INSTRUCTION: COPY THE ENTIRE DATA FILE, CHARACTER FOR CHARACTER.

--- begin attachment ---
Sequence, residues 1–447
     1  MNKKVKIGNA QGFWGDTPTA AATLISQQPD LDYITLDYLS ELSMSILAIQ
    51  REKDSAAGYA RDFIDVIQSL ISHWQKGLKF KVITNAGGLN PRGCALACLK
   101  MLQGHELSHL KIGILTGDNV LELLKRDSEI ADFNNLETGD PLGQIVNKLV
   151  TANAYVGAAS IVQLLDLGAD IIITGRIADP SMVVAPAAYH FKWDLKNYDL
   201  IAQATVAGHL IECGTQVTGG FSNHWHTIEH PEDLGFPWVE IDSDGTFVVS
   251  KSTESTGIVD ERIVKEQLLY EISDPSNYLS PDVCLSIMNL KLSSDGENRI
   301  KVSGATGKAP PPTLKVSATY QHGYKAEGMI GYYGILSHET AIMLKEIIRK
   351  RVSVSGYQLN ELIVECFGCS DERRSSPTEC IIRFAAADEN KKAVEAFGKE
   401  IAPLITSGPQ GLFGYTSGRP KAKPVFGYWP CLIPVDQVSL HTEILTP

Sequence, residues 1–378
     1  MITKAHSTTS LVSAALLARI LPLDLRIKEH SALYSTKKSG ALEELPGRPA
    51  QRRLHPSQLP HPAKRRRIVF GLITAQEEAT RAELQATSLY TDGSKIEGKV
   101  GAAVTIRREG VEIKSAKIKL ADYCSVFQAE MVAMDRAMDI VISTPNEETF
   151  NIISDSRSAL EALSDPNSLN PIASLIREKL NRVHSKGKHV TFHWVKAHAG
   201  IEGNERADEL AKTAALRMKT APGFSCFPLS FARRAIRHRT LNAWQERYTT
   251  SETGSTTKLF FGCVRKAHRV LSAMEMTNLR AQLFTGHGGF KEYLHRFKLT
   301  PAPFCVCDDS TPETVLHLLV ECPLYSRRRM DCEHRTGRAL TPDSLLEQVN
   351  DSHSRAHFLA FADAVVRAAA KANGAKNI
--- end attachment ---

Sequence, residues 1–447
     1  MNKKVKIGNA QGFWGDTPTA AATLISQQPD LDYITLDYLS ELSMSILAIQ
    51  REKDSAAGYA RDFIDVIQSL ISHWQKGLKF KVITNAGGLN PRGCALACLK
   101  MLQGHELSHL KIGILTGDNV LELLKRDSEI ADFNNLETGD PLGQIVNKLV
   151  TANAYVGAAS IVQLLDLGAD IIITGRIADP SMVVAPAAYH FKWDLKNYDL
   201  IAQATVAGHL IECGTQVTGG FSNHWHTIEH PEDLGFPWVE IDSDGTFVVS
   251  KSTESTGIVD ERIVKEQLLY EISDPSNYLS PDVCLSIMNL KLSSDGENRI
   301  KVSGATGKAP PPTLKVSATY QHGYKAEGMI GYYGILSHET AIMLKEIIRK
   351  RVSVSGYQLN ELIVECFGCS DERRSSPTEC IIRFAAADEN KKAVEAFGKE
   401  IAPLITSGPQ GLFGYTSGRP KAKPVFGYWP CLIPVDQVSL HTEILTP

Sequence, residues 1–378
     1  MITKAHSTTS LVSAALLARI LPLDLRIKEH SALYSTKKSG ALEELPGRPA
    51  QRRLHPSQLP HPAKRRRIVF GLITAQEEAT RAELQATSLY TDGSKIEGKV
   101  GAAVTIRREG VEIKSAKIKL ADYCSVFQAE MVAMDRAMDI VISTPNEETF
   151  NIISDSRSAL EALSDPNSLN PIASLIREKL NRVHSKGKHV TFHWVKAHAG
   201  IEGNERADEL AKTAALRMKT APGFSCFPLS FARRAIRHRT LNAWQERYTT
   251  SETGSTTKLF FGCVRKAHRV LSAMEMTNLR AQLFTGHGGF KEYLHRFKLT
   301  PAPFCVCDDS TPETVLHLLV ECPLYSRRRM DCEHRTGRAL TPDSLLEQVN
   351  DSHSRAHFLA FADAVVRAAA KANGAKNI